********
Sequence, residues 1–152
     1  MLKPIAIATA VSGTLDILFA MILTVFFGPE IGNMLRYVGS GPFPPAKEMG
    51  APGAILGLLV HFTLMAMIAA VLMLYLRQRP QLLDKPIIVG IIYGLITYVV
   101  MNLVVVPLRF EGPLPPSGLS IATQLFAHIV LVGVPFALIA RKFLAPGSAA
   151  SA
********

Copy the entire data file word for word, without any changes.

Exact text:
Sequence, residues 1–152
     1  MLKPIAIATA VSGTLDILFA MILTVFFGPE IGNMLRYVGS GPFPPAKEMG
    51  APGAILGLLV HFTLMAMIAA VLMLYLRQRP QLLDKPIIVG IIYGLITYVV
   101  MNLVVVPLRF EGPLPPSGLS IATQLFAHIV LVGVPFALIA RKFLAPGSAA
   151  SA